In 2006, Gupta’s prolific work, Untitled (Wives of the Disappeared), explored the devastating effect on the women left behind after their respective husbands’ disappearances in Kashmir. This interactive work takes viewers through various stages of this story of violence, supported via video installations, multi-audio tracks, and series of clothing with amputated parts hung on a clothesline. This exploration of systemic government violence urges viewers to take a comprehensive look at the effects felt by women. It explores the concepts of powerlessness, the militant need to soldier forward after devastation and an experience that is entirely life-changing for so many women across the globe. With several installations and works curated across the globe in 2020, Gupta’s most current works include “Measure Your Existence”, featured at New York’s Rubin Museum Of Art, and “My East Is Your West”, featured at Florida’s Rosemary Square Art Program.
Lin Tianmiao: As a contemporary installation artist and textile designer, China-based artist Lin Tianmiao explores traditional versus modern Chinese gender roles via large-scale art. To showcase the modernization and evolution of traditional female responsibilities in Chinese culture, Tianmiao often utilizes materials that are predominantly associated with maternal responsibilities. Using these materials in thought-provoking ways, Tianmiao invites conversation about the female experience. As one of the first female artists of Chinese descent to be featured internationally, Tianmiao’s work transcends cultural boundaries and provides a new perspective on gender roles, domesticity, and the normative ideas of womanhood for viewers across the globe.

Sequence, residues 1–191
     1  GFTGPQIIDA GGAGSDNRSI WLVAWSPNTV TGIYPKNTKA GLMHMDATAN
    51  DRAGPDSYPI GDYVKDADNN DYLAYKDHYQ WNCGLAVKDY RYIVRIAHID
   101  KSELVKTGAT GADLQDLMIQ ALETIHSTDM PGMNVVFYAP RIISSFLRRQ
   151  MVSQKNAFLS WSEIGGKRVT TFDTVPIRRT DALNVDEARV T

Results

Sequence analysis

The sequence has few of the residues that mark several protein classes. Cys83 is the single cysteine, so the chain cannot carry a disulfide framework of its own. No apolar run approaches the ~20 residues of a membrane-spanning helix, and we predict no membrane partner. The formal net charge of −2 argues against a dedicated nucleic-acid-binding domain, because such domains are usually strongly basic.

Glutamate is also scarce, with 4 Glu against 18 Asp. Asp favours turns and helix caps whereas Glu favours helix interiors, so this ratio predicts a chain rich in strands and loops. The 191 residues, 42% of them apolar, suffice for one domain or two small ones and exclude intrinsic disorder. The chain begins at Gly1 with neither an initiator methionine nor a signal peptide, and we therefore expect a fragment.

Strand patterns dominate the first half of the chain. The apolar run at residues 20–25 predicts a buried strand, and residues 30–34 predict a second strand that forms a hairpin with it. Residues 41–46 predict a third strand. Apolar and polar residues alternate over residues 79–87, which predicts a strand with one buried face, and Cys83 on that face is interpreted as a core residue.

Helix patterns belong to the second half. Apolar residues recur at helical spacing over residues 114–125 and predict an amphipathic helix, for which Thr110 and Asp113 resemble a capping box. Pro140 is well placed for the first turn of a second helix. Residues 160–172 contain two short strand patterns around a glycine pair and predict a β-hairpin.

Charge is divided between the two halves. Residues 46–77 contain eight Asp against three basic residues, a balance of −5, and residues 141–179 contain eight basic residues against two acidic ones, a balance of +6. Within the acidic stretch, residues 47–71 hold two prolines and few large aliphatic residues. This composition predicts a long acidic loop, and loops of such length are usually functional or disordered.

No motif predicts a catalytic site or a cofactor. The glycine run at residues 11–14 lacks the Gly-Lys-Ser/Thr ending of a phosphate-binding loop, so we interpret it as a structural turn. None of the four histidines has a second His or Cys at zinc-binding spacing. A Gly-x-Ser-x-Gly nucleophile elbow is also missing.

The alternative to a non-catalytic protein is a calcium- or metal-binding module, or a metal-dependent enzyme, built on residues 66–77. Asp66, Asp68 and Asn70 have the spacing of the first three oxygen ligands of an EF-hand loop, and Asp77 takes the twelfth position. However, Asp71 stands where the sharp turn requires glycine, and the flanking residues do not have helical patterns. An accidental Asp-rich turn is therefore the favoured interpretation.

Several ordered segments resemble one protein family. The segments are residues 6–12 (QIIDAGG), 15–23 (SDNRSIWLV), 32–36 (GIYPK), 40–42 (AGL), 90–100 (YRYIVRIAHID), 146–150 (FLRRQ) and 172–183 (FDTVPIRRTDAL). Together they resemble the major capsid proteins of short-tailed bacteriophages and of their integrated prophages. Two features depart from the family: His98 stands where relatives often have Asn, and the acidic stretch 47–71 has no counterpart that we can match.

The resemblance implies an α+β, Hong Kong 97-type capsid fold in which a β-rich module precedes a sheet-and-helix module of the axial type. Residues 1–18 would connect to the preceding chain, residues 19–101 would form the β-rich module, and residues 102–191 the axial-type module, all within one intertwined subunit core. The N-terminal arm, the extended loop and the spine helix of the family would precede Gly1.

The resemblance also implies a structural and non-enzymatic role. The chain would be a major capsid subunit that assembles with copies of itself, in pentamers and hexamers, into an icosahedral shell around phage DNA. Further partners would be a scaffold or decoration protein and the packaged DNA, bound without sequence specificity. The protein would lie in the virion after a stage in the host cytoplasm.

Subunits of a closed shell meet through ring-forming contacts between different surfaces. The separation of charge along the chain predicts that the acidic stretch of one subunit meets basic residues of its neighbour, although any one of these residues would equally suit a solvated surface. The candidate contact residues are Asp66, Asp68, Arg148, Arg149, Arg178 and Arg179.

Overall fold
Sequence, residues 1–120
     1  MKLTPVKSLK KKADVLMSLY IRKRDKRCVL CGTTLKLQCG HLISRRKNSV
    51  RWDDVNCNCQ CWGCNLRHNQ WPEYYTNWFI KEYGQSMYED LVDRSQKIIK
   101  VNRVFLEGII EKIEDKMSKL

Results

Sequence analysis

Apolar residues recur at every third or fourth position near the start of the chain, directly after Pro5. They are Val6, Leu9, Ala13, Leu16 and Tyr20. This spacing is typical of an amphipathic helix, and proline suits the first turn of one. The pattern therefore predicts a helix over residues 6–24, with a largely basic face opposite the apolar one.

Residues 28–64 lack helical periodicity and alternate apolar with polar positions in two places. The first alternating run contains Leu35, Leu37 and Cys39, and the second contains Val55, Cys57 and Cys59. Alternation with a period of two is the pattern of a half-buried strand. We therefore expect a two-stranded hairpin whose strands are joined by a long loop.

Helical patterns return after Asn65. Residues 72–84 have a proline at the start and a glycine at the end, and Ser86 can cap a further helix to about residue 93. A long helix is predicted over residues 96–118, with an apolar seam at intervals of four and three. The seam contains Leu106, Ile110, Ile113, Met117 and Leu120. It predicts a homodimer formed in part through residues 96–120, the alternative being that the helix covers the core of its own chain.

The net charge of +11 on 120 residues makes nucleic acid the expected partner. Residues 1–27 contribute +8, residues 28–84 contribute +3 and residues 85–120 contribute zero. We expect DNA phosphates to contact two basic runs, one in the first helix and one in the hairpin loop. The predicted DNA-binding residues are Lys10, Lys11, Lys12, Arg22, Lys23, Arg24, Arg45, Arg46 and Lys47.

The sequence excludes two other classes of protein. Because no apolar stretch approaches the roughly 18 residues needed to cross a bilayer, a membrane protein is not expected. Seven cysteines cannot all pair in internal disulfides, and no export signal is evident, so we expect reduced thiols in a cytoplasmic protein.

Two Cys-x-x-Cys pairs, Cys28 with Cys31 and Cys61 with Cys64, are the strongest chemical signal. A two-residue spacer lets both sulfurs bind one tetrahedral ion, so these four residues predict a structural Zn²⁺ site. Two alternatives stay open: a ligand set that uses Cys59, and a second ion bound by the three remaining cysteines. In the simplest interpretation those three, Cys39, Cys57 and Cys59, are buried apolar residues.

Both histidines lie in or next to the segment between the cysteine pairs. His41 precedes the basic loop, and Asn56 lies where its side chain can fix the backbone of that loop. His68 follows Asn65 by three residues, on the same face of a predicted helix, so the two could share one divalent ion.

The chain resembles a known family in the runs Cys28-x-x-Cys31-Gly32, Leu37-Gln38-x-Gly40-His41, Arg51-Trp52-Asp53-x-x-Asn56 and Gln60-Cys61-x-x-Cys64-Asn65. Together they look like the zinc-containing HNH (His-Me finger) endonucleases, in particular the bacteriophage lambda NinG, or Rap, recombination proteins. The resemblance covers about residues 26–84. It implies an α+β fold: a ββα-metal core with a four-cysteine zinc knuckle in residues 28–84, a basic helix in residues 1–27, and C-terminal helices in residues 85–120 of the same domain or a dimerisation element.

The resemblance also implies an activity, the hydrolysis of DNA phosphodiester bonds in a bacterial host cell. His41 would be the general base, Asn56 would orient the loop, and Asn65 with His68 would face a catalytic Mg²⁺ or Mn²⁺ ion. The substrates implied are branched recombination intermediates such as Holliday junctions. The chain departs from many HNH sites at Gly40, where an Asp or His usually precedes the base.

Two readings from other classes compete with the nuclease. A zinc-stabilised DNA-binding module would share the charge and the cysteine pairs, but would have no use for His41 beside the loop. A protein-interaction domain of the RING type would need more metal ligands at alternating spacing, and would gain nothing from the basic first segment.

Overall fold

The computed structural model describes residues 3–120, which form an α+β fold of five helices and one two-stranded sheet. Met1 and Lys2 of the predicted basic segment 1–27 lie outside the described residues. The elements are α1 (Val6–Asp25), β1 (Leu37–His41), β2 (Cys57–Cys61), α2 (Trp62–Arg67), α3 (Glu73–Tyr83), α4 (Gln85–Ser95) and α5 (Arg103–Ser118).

In 2004, Tianmiao’s work “Boy And Girl” examined the learned gender stereotyping that begins in the early stages of life. According to the artist, the piece examines the theory that global educational systems are “teaching boys never to cry and girls to be soft”. Experiencing such gender-based oppression and stereotyping herself as a youth coming of age in China, Tianmiao’s commitment to dismantling gender stereotyping, and evolving the female experience is boldly seen within her portfolio of work.
For art collectors like Joey Horn, Tianmiao’s unwavering commitment to modernizing the female experience is a powerful tool for societal change. Her worldwide recognition allows Tianmiao’s intended messages to reach broad audiences, bolstering the cause on an international scale. The artist’s works are held at New York’s Brooklyn Museum, New York’s Museum Of Modern Art, the National Gallery Of Australia, California’s San Francisco Museum Of Modern Art, and Hong Kong’s Singapore Art Museum.
Recognizing the need to continue to showcase thought-provoking art in a safe manner throughout the current COVID-19 pandemic, Tianmiao is also partaking in Galerie Lelong & Company’s online showcase, “Red”. The collective exhibition features 25 pieces centered around the designated color, with portions of the exhibition’s proceedings being donated to Heart To Heart International to support international COVID-19 relief.